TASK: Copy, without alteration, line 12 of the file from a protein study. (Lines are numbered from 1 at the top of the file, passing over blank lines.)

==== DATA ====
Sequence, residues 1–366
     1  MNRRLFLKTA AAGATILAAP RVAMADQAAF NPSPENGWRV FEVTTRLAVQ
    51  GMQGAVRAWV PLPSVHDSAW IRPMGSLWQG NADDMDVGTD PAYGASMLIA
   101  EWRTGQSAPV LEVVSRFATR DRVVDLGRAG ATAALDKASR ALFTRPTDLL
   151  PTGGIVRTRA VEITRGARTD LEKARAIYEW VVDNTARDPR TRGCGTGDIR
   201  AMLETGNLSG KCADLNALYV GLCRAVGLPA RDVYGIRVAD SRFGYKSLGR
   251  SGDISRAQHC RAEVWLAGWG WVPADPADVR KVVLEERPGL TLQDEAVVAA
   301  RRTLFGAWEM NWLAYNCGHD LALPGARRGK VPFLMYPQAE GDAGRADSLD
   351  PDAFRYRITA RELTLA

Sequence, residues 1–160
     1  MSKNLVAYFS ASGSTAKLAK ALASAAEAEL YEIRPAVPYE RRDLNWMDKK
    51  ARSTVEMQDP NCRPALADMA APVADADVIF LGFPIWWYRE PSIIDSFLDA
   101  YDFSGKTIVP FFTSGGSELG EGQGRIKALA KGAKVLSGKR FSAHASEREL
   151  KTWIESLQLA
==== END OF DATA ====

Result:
    51  ARSTVEMQDP NCRPALADMA APVADADVIF LGFPIWWYRE PSIIDSFLDA